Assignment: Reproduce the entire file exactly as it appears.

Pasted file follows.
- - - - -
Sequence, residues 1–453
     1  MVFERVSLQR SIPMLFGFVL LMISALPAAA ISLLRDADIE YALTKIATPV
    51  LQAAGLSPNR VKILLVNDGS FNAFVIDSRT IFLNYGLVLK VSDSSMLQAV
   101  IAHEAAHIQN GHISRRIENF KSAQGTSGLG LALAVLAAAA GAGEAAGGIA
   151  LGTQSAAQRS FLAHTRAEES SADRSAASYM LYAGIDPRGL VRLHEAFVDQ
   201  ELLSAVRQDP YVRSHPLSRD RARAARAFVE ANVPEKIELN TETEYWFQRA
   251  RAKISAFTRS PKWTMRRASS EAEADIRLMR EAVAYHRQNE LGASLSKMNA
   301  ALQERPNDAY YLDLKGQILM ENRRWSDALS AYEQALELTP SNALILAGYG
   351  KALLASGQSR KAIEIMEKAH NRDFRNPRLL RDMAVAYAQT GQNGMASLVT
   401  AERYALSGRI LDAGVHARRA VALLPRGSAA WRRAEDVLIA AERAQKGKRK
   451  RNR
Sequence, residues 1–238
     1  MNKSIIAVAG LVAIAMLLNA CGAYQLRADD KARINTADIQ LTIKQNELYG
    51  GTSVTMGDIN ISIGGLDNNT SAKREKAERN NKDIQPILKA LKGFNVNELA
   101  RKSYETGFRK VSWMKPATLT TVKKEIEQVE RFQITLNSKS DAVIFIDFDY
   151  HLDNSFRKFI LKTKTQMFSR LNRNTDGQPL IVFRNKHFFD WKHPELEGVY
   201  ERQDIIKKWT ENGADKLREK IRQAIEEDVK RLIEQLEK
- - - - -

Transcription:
Sequence, residues 1–453
     1  MVFERVSLQR SIPMLFGFVL LMISALPAAA ISLLRDADIE YALTKIATPV
    51  LQAAGLSPNR VKILLVNDGS FNAFVIDSRT IFLNYGLVLK VSDSSMLQAV
   101  IAHEAAHIQN GHISRRIENF KSAQGTSGLG LALAVLAAAA GAGEAAGGIA
   151  LGTQSAAQRS FLAHTRAEES SADRSAASYM LYAGIDPRGL VRLHEAFVDQ
   201  ELLSAVRQDP YVRSHPLSRD RARAARAFVE ANVPEKIELN TETEYWFQRA
   251  RAKISAFTRS PKWTMRRASS EAEADIRLMR EAVAYHRQNE LGASLSKMNA
   301  ALQERPNDAY YLDLKGQILM ENRRWSDALS AYEQALELTP SNALILAGYG
   351  KALLASGQSR KAIEIMEKAH NRDFRNPRLL RDMAVAYAQT GQNGMASLVT
   401  AERYALSGRI LDAGVHARRA VALLPRGSAA WRRAEDVLIA AERAQKGKRK
   451  RNR
Sequence, residues 1–238
     1  MNKSIIAVAG LVAIAMLLNA CGAYQLRADD KARINTADIQ LTIKQNELYG
    51  GTSVTMGDIN ISIGGLDNNT SAKREKAERN NKDIQPILKA LKGFNVNELA
   101  RKSYETGFRK VSWMKPATLT TVKKEIEQVE RFQITLNSKS DAVIFIDFDY
   151  HLDNSFRKFI LKTKTQMFSR LNRNTDGQPL IVFRNKHFFD WKHPELEGVY
   201  ERQDIIKKWT ENGADKLREK IRQAIEEDVK RLIEQLEK